Review of Decimals and Using Base Ten Blocks
To activate prior knowledge and to review what students learned in fourth grade, we started off the week making decimals using base ten blocks. I started making baggies with bits and pieces of each type of block and then quickly realized, there has to be a better way! And there is! I created a Google Doc that I shared with my students on Google Drive. Students were able to work together to make decimals using the document I created. I could toggle back and forth between groups, making comments and suggestions, all in real time. I could also see misconceptions and observe students who were not recalling the information from fourth grade.
While students were working, I could see them fix their mistakes and make the decimals appropriately. I could also give feedback instantly.
The next day we moved onto expanded notation. Students knew that each place has a value, but I knew they would have trouble connecting that each number is composed of that place value times the digit. For example: 3.45 would be written as (3x1) + (4 x 0.1) + (5 x 0.01)
I wanted a hands-on way to visually see the process of multiplying the digit by the place value. I made a set of cards for each place value, from the tens to the thousandths. I copied the cards using colored paper. I also made an activity mat that allowed students to record a number and then construct the number using cards. At the end, students would record the expanded notation at the bottom. To save paper, I laminated the activity mats and had students use dry erase markers. To add a fun element, I had students generate numbers using dice.
If you would like your own copy of the cards and activity mat click here.
This is a standard that students should have been taught in fourth grade. To activate prior knowledge and observe students' current understandings, I asked a simple question on Edmodo. Using the poll feature on Edmodo, I asked, "Which number is greater? 0.49 or 0.7?" Often times students who don't remember their place value will suggest 0.49 is greater simply because 49 is bigger than 6. So this quick 2 minute assessment gives me a ton of knowledge about their current understanding.
Afterwards, we draw and talk about each place value while recording observations and details in our journals. To allow students to practice, we play a very simple game called Roll Big, Roll Small. The game is very simple, Round one, students roll dice to create a number. The biggest number wins. In Round two, the smallest number wins, and so on. Since our focus is decimal comparisons, students are creating decimals.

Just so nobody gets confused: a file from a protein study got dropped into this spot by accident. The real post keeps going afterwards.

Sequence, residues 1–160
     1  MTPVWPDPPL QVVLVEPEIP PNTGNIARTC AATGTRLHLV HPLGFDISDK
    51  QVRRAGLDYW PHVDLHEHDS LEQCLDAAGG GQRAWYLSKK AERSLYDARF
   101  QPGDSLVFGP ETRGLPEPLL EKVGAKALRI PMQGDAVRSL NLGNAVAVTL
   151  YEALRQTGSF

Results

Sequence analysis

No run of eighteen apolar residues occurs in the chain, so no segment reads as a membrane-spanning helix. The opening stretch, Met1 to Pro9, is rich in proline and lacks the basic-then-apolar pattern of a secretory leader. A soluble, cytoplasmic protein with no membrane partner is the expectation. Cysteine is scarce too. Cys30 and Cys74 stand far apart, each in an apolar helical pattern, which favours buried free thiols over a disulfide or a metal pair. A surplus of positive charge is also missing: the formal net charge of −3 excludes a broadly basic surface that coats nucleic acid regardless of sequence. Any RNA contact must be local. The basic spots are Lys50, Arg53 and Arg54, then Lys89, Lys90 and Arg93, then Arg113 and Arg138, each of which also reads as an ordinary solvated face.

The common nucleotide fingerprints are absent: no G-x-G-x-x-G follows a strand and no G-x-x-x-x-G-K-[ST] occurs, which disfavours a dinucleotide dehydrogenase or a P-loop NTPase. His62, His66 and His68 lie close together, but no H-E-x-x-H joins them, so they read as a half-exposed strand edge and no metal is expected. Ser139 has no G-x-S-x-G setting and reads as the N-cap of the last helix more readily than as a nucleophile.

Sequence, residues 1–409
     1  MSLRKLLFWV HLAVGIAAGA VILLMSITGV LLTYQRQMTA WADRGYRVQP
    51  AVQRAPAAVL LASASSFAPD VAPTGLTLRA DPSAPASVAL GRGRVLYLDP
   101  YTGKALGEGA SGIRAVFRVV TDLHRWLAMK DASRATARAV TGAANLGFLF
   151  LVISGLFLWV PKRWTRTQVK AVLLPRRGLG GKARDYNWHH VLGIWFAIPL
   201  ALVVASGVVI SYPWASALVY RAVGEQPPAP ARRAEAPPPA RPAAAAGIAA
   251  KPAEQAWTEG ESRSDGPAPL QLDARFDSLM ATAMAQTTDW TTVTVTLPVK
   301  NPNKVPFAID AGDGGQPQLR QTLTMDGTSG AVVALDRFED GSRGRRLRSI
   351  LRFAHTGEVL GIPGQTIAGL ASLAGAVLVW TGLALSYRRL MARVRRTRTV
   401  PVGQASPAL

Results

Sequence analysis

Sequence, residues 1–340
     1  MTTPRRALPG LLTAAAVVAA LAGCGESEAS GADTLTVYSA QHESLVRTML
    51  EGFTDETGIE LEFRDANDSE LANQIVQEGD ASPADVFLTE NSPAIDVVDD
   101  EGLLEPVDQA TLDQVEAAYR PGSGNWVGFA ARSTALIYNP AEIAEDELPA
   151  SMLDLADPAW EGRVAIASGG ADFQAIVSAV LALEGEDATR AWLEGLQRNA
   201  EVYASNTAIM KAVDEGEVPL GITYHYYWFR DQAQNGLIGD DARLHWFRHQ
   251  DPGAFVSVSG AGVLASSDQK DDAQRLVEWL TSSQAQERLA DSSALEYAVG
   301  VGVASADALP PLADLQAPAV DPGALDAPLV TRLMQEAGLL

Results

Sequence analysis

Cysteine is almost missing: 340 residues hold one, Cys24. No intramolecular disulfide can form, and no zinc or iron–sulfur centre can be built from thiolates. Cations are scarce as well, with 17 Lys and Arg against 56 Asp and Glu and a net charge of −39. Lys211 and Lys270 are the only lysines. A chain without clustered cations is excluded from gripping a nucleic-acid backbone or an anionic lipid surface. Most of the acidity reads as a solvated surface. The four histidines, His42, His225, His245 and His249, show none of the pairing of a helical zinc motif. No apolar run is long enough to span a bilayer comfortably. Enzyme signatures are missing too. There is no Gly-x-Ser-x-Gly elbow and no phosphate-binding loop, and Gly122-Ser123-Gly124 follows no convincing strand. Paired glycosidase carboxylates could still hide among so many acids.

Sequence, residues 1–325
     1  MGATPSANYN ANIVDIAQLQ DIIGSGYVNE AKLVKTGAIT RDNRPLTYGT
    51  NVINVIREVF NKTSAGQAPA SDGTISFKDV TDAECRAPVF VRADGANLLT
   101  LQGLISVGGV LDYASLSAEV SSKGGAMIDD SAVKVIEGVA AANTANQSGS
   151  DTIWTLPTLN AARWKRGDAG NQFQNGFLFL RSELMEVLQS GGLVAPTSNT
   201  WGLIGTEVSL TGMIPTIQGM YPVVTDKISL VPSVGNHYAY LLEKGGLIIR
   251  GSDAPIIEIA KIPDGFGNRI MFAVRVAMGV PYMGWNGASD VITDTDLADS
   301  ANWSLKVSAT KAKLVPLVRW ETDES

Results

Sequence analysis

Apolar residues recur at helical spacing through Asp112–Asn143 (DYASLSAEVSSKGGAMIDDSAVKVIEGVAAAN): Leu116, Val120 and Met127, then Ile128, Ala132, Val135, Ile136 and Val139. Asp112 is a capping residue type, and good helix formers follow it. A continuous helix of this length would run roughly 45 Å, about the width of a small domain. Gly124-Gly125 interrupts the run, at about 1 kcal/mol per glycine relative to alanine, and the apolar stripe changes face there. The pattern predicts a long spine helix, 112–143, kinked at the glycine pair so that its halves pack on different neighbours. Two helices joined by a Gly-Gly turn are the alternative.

Another fun activity we do as a class, is explore race data. Again I ask a simple question on Edmodo, using the poll tool. I ask "If Payson and Madison were running a race and Payson finished the race in 25.67 seconds and Madison finished the race in 25.5 seconds, who won the race?" Many times students think that the biggest number is always the winner, because of that, many vote for Madison winning the race. Before we talk about the answer to the question, we collect some race data of our own. Using a stop watch I time each child how long it takes to eat a starburst candy. Almost immediately, students figure out who is winning the eating contest. We record each time down in our journals. At the end of the race, once everyone has had a chance to eat a starburst, students put the times in placement order starting with first place. This really allows them to see that first place is the smallest time and then last place is the biggest time. At the end of our lesson we look back at our poll on Edmodo. We talk about who won the race and why.
Next week, we will be taking curriculum assessments on all of our material so far. I am always a little nervous about the first test, but I think they will do great.
Until next week,
Peace, Love, Math-